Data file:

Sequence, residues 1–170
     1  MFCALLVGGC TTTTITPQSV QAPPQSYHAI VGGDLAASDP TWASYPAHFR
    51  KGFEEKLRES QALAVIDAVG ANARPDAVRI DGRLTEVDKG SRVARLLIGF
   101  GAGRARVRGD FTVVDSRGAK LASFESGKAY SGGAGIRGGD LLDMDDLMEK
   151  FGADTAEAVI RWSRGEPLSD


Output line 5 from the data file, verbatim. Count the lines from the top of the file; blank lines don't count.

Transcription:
   151  FGADTAEAVI RWSRGEPLSD